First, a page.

Suddenly, the internet seems to be running rampant with debates over the notorious "thigh gap." Tumblr is full of "how-to"'s that will guide you to supposed perfection, a Twitter hashtag explodes with a plethora of new 140-character musings each second, and now even models can't escape ridicule if their thighs aren't in possession (or lack thereof) of the perfect amount of flesh.
In case you are just tuning in, a "thigh gap" is a triangular area at the top of the thighs where the skin does not touch, even when one is standing with their feet together. And everyone in the world wants to look like this because girls won't stop re-blogging pictures of nicely-curated crotch areas with the "Rise" filter overlaid. Yes, yet another thing completely beyond anyone's physical control is the latest beauty standard with which the masses are obsessed.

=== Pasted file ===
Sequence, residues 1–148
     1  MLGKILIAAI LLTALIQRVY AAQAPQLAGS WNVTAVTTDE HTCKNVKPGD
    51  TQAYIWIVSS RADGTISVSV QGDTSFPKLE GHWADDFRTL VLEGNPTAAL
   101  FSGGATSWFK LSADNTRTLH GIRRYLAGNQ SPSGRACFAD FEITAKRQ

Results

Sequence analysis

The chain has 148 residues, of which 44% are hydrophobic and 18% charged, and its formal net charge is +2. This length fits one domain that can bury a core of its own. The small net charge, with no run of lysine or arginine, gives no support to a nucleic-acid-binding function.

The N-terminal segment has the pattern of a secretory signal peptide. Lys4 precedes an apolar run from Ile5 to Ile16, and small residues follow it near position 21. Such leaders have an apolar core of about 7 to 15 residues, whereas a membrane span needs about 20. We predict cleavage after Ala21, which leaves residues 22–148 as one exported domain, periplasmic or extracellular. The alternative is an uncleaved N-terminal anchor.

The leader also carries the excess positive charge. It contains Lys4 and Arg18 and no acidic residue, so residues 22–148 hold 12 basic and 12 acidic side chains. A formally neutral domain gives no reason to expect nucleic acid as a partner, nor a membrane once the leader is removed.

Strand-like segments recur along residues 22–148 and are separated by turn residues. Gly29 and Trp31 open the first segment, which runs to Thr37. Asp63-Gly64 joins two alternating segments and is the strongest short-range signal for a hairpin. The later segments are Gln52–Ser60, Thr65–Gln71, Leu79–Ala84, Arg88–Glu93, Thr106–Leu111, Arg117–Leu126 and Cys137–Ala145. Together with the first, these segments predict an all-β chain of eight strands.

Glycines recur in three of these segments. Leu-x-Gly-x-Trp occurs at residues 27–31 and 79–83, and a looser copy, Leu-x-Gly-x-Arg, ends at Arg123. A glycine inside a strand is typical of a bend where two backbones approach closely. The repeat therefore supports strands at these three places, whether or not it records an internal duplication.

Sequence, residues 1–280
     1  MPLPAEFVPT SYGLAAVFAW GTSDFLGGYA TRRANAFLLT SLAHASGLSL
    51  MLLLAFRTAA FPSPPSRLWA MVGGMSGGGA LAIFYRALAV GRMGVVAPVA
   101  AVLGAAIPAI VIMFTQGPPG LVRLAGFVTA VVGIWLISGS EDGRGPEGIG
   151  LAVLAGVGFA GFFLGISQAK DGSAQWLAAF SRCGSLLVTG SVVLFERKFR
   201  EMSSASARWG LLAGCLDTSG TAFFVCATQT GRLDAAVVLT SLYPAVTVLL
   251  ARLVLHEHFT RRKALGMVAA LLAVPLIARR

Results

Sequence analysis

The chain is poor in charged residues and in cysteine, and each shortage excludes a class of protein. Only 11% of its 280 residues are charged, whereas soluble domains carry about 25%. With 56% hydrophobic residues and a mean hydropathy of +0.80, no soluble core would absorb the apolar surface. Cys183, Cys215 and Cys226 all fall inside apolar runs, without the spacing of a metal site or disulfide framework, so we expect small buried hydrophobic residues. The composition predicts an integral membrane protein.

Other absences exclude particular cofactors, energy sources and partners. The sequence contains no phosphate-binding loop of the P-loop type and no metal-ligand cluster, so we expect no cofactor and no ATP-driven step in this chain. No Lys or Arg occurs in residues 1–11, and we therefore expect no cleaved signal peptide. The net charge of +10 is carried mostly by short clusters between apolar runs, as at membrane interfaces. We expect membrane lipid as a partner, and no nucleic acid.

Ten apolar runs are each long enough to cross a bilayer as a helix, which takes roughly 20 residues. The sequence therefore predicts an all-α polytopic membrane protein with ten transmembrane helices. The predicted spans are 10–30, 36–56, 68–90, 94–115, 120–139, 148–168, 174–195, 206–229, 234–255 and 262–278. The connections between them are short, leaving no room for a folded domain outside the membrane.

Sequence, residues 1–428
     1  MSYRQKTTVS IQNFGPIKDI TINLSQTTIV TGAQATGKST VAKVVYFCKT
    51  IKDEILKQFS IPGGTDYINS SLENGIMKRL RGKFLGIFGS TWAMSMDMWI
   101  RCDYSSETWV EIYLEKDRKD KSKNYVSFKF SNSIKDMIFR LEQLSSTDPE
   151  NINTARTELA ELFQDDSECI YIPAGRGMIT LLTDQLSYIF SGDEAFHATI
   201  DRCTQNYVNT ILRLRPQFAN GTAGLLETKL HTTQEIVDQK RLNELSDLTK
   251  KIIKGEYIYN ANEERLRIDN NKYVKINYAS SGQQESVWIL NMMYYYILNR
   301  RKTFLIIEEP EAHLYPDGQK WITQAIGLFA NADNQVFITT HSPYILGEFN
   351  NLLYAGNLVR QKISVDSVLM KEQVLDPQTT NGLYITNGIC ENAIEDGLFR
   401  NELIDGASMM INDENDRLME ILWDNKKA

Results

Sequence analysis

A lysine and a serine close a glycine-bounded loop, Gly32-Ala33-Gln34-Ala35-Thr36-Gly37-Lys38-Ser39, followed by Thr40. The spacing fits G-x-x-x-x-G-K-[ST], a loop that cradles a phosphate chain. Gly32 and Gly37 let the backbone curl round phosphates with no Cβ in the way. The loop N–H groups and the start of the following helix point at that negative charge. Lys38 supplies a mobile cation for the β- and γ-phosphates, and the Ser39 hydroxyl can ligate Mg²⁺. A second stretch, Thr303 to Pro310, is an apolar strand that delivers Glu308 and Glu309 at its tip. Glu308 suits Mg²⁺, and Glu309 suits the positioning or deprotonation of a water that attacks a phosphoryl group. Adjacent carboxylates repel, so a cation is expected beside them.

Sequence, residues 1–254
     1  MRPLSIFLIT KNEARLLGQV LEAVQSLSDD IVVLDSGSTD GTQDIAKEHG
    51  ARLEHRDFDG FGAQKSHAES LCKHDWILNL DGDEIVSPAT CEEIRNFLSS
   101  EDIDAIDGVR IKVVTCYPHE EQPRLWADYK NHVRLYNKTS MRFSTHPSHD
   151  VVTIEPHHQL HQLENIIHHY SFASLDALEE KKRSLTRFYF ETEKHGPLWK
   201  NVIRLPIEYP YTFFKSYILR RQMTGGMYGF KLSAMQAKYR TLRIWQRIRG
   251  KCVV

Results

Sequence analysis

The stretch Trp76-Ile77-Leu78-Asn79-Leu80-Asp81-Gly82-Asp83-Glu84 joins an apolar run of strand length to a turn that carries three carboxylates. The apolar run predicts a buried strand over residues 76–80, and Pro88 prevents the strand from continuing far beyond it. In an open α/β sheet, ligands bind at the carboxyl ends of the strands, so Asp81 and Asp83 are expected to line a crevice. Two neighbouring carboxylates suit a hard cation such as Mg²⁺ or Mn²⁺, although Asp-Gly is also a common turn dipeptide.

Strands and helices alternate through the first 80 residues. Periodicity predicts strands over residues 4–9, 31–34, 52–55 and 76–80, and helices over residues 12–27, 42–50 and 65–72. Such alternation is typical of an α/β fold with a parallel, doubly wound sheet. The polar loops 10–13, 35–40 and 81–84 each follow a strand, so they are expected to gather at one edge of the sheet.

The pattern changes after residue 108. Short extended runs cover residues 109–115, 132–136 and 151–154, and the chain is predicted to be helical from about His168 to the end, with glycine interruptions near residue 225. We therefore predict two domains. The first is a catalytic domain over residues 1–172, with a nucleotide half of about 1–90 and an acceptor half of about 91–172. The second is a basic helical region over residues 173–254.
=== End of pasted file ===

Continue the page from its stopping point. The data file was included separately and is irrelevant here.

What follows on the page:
When you put it in black and white like that, it seems completely asinine, right? But the reality is, a lot of us have been there--I know I have: standing in front of the mirror, re-angling my feet and sticking my butt out just so; gleefully tapping my fingers together a la Mr. Burns when a glimpse of the back wall becomes visible between my legs.
But for what? Why do we all fantasize about having legs so thin that they can't support us as we are naturally are? Why do we perpetuate beauty standards that infantilize and weaken us both physically and mentally? Why do we allow ourselves to be considered inferior if our body doesn't--and never will--adhere to certain standards?
It's not a matter of saying "down with thigh gaps!" or "shaming" those who are naturally prone to such an appearance--it's a matter of recognizing that there is more than one path to feeling beautiful and being healthy.
Though...I can guarantee that no path to beauty and health involves doing 800 squats every hour while simultaneously scrolling through a "thinspiration" blog. That's just a path to one tired butt.
The opinions expressed on the BUST blog are those of the authors themselves and do not necessarily reflect the position of BUST Magazine or its staff.
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